1. The Protagonist.
This is the hero/main character of your story. When a reader picks up your book, it is to find out what happens to this person. You might have more than one protagonist (I’m looking at you George R. R. Martin), and that is fine, just make sure YOU know who they are and centre the events around them. Otherwise, your reader will be left confused.
Example: Jane Eyre from Jane Eyre.
2. The Love Interest.
Now, before you say, “But, Alicia, my story isn’t a romance, why do I need a love interest?”, have a look at every successful novel ever written. THERE IS ALMOST ALWAYS A LOVE INTEREST. Humans are wired to seek out meaningful connections, which is why we love to read about them. Introduce a love interest and see how it takes your story to the next level. The impact the love interest has on the plot and other characters is up to you and the conventions of whatever genre you are writing in (hint: it will need to be more for a romance novel and less for certain other genres, such as horror).
Example: Mr Rochester from Jane Eyre. Later in the book there is also her cousin, John Rivers. Yes, there can also be more than one love interest.
3. The Antagonist.
This is the person, event, or thing that blocks the protagonist from achieving their goals. Like the protagonist, there can be more than one. The more antagonists you have equals more conflict, and you want as much conflict as possible. You can also mix up the types of protagonist. For instance, the weather could be one and an assassin could be another. Be bold in experimenting with this!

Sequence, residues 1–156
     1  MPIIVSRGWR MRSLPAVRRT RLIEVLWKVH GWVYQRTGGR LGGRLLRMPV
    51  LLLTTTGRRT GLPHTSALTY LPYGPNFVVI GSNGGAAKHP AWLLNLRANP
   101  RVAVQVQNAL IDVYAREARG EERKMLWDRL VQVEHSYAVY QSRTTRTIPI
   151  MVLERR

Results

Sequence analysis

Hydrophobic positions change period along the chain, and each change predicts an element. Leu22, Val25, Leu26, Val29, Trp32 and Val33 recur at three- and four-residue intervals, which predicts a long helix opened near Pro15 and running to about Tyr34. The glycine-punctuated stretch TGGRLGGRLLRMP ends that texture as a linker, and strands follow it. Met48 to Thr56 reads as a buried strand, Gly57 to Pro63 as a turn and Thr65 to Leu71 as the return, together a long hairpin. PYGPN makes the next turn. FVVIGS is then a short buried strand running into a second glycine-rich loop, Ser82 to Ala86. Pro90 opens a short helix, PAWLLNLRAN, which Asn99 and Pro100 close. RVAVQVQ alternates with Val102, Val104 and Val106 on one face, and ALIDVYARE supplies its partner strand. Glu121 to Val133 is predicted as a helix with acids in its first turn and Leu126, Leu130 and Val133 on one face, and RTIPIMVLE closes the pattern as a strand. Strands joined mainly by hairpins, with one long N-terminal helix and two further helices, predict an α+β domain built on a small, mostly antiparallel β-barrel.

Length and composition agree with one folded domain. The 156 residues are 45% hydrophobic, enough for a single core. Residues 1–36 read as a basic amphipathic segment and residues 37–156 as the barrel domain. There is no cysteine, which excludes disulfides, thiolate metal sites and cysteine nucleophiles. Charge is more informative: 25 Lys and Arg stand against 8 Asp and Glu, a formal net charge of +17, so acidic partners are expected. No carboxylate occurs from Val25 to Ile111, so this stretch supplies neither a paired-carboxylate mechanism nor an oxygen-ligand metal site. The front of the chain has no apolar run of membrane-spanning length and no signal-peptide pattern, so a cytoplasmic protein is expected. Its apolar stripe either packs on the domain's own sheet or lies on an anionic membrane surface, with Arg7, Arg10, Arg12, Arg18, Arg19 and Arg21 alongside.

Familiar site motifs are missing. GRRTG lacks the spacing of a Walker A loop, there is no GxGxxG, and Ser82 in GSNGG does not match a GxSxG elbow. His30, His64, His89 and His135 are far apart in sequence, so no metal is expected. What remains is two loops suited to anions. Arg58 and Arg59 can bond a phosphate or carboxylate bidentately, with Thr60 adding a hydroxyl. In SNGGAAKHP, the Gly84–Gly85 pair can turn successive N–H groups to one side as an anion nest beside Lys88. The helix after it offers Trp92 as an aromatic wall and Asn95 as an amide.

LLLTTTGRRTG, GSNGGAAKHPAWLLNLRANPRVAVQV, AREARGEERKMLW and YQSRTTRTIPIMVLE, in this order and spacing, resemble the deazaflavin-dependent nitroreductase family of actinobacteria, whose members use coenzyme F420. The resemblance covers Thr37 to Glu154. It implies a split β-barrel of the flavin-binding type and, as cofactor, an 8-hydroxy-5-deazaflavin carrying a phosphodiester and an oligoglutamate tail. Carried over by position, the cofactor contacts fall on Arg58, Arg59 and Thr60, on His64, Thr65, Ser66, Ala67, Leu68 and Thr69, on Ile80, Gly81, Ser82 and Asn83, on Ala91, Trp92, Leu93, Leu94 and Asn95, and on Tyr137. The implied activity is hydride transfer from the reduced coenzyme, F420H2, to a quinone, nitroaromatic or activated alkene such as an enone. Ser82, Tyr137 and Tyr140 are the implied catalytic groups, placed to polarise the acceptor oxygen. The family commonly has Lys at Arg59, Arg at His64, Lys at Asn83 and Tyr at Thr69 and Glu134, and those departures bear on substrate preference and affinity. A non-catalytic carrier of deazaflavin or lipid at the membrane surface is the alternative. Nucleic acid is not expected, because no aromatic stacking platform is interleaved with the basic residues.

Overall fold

Example: President Snow/The Capitol, the challenges and harsh environment during the games, and the other competitors in The Hunger Games.
4. The Sidekick.
We all know, and usually love, this character. It’s the best friend or new acquaintance of the protagonist who gives them sound advice, unwavering support, and help on the journey to come.
Example: Samwise Gamgee in The Lord of the Rings.
5. The Mentor.
This character is different to the sidekick in that they are not always by the protagonist’s side. They also sometimes engage in tough love to kick the protagonist into action. To make this character even more complicated, they can sometimes be an antagonist.
Example: Consider both Dumbledore and Snape in the Harry Potter series.
An end note: many books have been written that do not include these 5 characters. Like everything in life, you need to know the rules, and be expert at keeping them, before you can start breaking them. If you are at the beginning of your writing career or don’t feel like your novel is strong enough, then remember to put all 5 of these characters into your final manuscript.
All the best in your writing,
A.K. Leigh xxoo